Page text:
Violence Hits Quiet Somali Region
Written by The Media Line Staff
Published Sunday, March 29, 2009
At least one person was killed and three were wounded in two explosions that hit the relatively quiet Puntland region in northeastern Somalia on Saturday.
All the casualties were Ethiopian nationals, news reports said.
Witnesses said an explosion in of Puntland’s commercial city Bosasso took place near the headquarters of the Puntland Intelligence Service (PIS).
Last Monday, PIS agents arrested a cleric for alleged ties with A-Shabab, an Islamic group seeking to undermine the central government in Somalia, according to media reports.
Last week, at least two civilians and one policeman were killed and seven others were wounded after hundreds of stampeding demonstrators took to the streets of Bosasso to protest the cleric’s detention. Protesters hurled stones and metal objects while approaching a police post. Officers fired shots into the air in order to clear one of the nearby roads, but shot dead two of the protesters and wounded seven others, Nimco Afrah, a nearby shopkeeper told The Media Line. Puntland’s Vice President Abdi Samad Ali Shire said it was still uncertain whether troops arrested the sheikh, and urged people to maintain calm. However, Puntland Security Minister Abdullahi Said Samatar confirmed that security forces had arrested the sheikh and that he was being interrogated. Both Puntland and the neighboring Somaliland are relatively quiet areas of Somalia, which has been plunged in conflict for the past two years.
Puntland is a self-declared autonomous state, which has been self-governing since 1998, but unlike Somaliland, it does not seek independence from Somalia.
Puntland is home to a third of the Somali people.
Somalia has not had a stable government since 1991.
Violence in the country, particularly in the capital Mogadishu, has claimed thousands of lives. Many civilians have been killed in crossfire as gunmen roam the streets. Tens of thousands of people have fled their homes in recent months.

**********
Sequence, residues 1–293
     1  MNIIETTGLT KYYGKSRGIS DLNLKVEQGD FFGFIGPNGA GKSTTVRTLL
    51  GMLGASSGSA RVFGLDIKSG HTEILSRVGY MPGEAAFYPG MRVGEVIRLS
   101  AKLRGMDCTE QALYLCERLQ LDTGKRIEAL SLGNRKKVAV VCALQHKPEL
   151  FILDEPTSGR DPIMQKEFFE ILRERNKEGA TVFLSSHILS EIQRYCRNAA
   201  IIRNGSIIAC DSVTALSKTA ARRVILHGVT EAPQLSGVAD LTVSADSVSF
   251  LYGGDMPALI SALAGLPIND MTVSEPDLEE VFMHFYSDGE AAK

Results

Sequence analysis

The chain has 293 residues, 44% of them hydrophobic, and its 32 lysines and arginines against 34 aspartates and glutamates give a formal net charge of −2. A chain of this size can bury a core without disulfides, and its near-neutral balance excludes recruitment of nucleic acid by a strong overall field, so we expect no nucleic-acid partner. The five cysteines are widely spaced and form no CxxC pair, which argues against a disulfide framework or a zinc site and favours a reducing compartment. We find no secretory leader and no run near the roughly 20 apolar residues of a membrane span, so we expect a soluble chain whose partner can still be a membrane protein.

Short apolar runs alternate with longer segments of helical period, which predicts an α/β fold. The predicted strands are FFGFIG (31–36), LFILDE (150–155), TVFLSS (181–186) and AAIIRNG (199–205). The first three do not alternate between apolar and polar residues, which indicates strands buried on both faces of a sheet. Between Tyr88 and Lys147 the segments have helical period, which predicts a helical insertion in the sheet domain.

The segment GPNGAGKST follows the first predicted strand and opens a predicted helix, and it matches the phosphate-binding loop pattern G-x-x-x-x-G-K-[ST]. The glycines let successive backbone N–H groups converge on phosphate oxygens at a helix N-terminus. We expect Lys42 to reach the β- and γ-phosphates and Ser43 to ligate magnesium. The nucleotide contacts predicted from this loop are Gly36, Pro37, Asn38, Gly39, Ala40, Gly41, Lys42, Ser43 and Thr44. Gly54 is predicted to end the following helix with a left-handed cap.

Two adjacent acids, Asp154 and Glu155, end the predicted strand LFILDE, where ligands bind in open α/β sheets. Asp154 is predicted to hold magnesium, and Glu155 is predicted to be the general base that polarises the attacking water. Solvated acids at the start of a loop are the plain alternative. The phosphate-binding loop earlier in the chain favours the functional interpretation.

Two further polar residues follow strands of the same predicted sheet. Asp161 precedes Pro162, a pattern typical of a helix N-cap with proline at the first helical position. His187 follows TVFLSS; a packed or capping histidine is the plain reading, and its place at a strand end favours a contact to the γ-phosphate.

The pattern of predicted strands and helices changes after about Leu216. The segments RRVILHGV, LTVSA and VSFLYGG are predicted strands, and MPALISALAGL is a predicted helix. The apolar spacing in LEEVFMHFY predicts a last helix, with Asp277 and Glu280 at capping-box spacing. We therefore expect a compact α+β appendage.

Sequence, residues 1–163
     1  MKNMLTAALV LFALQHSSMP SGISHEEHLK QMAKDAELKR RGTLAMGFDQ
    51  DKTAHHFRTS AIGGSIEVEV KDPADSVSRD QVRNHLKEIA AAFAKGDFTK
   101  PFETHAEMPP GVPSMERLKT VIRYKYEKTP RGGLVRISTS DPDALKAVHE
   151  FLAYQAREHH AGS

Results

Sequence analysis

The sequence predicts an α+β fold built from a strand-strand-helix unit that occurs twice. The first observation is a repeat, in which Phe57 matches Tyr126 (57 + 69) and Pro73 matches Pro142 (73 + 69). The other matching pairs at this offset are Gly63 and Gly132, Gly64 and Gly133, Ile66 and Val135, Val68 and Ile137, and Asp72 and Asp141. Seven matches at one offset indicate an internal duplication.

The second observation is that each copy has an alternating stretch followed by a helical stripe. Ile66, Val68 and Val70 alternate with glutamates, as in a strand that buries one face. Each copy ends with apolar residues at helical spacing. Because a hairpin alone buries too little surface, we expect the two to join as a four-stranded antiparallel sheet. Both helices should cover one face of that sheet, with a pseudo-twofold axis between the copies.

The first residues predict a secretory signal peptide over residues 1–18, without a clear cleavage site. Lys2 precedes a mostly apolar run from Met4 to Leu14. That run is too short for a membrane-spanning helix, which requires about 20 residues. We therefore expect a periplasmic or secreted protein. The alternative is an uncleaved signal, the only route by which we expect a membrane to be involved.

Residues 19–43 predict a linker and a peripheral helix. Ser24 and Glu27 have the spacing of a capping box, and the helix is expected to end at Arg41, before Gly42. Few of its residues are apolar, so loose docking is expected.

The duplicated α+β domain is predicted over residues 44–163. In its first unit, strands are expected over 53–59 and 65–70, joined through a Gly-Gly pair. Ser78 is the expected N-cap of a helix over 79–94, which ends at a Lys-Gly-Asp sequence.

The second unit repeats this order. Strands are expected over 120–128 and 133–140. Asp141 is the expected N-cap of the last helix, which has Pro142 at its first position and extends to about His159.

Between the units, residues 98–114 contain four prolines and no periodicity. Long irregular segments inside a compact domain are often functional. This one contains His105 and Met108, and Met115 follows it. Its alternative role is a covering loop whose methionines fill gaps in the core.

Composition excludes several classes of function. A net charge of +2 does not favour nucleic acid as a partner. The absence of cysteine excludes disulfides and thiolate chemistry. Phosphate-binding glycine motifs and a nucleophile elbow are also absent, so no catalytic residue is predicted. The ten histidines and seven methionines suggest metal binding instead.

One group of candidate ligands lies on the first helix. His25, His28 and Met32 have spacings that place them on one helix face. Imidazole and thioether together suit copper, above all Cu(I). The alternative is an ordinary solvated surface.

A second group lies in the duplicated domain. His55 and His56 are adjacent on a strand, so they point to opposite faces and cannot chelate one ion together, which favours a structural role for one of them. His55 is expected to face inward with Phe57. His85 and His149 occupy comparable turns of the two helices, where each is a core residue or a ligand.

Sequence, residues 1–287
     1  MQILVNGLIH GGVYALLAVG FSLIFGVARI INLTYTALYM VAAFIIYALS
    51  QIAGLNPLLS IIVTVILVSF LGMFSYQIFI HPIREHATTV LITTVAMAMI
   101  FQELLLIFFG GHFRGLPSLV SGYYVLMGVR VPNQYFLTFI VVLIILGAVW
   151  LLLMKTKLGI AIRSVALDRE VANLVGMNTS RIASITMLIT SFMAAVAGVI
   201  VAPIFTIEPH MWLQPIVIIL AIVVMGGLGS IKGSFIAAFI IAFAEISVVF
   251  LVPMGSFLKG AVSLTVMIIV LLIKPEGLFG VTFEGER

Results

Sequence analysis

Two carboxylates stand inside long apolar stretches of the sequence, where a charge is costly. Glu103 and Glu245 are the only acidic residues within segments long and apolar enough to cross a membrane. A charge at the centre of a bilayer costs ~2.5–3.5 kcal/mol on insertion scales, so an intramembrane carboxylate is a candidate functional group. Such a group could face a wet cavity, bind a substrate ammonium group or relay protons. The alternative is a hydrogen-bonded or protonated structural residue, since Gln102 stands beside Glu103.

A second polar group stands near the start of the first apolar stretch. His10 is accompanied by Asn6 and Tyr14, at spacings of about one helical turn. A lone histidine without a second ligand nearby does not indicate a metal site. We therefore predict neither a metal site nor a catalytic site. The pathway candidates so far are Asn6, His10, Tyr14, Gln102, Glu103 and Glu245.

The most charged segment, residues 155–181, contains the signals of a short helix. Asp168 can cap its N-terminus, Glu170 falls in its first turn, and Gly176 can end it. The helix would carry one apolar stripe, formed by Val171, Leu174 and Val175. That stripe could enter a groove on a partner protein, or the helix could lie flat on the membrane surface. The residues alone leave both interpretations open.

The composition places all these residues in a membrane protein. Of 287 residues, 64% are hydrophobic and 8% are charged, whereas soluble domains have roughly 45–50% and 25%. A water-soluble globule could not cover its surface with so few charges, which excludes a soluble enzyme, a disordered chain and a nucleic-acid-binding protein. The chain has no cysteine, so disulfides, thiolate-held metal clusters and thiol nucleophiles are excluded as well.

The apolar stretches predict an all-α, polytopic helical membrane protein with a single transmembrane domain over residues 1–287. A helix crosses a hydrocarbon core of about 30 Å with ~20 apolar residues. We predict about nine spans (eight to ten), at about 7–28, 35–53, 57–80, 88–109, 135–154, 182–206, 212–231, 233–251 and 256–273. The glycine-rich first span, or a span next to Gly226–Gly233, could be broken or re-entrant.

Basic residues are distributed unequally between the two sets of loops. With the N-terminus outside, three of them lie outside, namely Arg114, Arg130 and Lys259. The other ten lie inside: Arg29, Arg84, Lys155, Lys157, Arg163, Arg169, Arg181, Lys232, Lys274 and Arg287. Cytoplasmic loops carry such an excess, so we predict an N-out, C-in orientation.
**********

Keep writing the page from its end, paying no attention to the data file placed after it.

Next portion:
In addition, Somalia is also blighted by famine, disease, poverty and piracy.
Several Islamist groups do not recognize the new government, even though it is headed by the former leader of the Islamic Courts Union, Sheikh Sharif Sheikh Ahmad.
The political vacuum and other problems have allowed lawlessness to flourish, with pirates controlling Somalia’s waters and Islamists and other factions the streets.
An AFP report last week said foreign jihad warriors have been flocking to Somalia over the past few months and joining forces with local Al-Qa’ida sympathizers in order to turn the anarchic country into an Al-Qa’ida haven.
According to the report, some 450 fighters are cooperating with the homegrown A-Shabab Islamists.
A former Somalia security official said the numbers of foreigners entering the country were increasing dramatically. He said they hailed from Europe, the United States, the Middle East and Asia, and many were concentrated in Puntland.
The Puntland government has dismissed the report as unsubstantiated and false allegations.